The vital things to know before opening a salon

by | 31 Aug 2022

It List 2022 Entrepreneur finalists share some invaluable business advice, discussing the top things to know before opening a salon 

Hairdresser Charlotte O'Flanagan

Charlotte O’Flanagan, Charlotte Paints Hair, Birmingham

Team

 

Without a doubt, your team is going to be the body and soul of your salon. The importance of a well-gelled team can’t be overlooked, after all these are the people we spend most of our time with.

Charlotte O’Flanagan, salon owner at Charlotte Paints Hair in Birmingham agrees, and tells us that it’s “something you can’t buy.She also adds that it is crucial for your team to have “the same work ethic and passion for hair that you do,” as it plays an important role in the atmosphere of the salon. 

Once the salon is open, this is when the team dynamic really comes into its own. “When you grow your team in a way that you’re caring for the humans, and not just the financial gain for yourself, your team will love what they do,” adds Danielle Garner of Wildflower in Dublin. While those first initial months may mean you playing every role in the business, once a firm team structure is in place, that will give you the time to do what you love most.  

 Likewise, Manchester’s self-titled salon owner, Melissa Timperley, agrees that building a team dynamic is down to the salon owner. “The team takes its tone and attitude from the leader, so it’s my job to role model the behaviours I need to see in the team and support them on an ongoing basis, not waiting for team meetings or monthly reviews, as that’s too rigid and probably too late.” 

Salon interior and reception

Wildflower, Dublin

Client experience 

The customer journey at your salon is a significant part of what they take with them when they leave. Their experience – from the initial greeting to the thank you as they leave and everything in between – is something that can make your business stand out from the competition.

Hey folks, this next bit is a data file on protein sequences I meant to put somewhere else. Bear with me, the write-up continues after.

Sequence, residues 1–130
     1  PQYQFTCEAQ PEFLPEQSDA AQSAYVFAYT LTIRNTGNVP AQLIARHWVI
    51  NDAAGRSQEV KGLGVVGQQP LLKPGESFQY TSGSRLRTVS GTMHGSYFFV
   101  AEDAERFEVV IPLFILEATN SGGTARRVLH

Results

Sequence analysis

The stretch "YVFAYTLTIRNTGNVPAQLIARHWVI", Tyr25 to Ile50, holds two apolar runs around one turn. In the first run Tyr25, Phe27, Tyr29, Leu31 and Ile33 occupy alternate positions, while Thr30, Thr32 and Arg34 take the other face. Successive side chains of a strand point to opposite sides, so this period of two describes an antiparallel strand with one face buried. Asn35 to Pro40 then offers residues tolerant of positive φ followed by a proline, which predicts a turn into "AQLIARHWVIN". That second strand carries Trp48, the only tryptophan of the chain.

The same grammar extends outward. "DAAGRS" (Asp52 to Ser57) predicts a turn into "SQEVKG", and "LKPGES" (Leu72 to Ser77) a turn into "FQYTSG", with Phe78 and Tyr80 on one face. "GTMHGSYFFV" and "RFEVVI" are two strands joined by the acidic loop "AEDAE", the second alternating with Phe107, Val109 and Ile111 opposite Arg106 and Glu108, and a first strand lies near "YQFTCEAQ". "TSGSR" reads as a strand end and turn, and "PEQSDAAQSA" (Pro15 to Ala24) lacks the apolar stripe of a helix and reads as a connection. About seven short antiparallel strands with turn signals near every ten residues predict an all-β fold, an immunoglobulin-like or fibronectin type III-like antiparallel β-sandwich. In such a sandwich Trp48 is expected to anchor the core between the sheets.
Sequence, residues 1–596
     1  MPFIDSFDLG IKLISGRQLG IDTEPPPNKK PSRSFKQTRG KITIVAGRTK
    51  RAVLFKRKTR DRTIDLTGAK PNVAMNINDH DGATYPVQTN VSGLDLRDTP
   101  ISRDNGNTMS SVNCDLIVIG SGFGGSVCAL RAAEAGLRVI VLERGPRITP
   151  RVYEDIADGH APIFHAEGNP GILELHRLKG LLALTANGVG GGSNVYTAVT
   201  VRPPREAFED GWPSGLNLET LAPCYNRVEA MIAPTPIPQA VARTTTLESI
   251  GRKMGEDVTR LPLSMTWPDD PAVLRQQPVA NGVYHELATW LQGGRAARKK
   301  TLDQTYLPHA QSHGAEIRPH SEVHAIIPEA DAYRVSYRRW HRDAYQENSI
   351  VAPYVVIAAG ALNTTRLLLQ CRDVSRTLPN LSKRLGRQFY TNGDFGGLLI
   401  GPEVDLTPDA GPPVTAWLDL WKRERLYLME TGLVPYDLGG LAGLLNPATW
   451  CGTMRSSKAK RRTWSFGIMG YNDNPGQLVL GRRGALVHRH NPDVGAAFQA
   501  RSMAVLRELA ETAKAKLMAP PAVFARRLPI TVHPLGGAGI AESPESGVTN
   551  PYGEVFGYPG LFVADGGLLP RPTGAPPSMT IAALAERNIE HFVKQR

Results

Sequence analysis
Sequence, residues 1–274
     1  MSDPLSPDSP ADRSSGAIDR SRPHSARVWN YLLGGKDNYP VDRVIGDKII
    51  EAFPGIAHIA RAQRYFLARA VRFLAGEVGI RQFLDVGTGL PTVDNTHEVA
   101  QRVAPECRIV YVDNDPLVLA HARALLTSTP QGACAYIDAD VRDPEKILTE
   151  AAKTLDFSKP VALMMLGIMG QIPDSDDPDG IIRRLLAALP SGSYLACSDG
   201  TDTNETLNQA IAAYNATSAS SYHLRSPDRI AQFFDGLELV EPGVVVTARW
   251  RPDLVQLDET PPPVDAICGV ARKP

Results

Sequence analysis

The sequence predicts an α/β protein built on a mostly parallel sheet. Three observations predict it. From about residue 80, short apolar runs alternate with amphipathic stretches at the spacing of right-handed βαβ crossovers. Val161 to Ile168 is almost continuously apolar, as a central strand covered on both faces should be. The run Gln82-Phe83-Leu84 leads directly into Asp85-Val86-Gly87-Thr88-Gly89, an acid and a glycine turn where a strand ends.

One half of Hampshire’s Jack & The Wolfe, Lydia Wolfe, gave an eye-opening statement that is sure to impact your thinking. “You don’t get a second chance to make a first impression,” she states. “A smile goes a long way! I think amongst the stress, pressure and long days involved in the early stages of starting out, people forget their best customer service.” Don’t forget the importance of that first impression. 

Hairdresser Melissa Timperley in her salon

Melissa Timperley, Melissa Timperley Salons, Manchester

You want to do your best to guarantee returning clients and hope that their experience at your salon may also lead to word-of-mouth rave reviews. An important factor to acknowledge, according to Melissa Timperley, is “knowing what great service looks like in their eyes.” She explains: It’s about the smallest details, making them feel more special when they leave the salon than when they came in.Clients will remember the last part of their experience just as much as first impressions. This makes it just as vital for you and the team to finish the salon service in a way which is memorable for the right reasons.  

Planning 

Starting a new business venture, opening a salon, chasing your dreams – these things can take a lot of planning. That, however, doesn’t always mean elaborate, excessive planning. It can also be just as useful as a structural tool to refer back to as your business develops. Lydia Wolfe of Jack & The Wolfe admits that the business plan they created wasn’t intended for financial investment but provided a “clear focus for our own goals, a realistic budget and a consistent foundation that we can revisit and adjust every year.”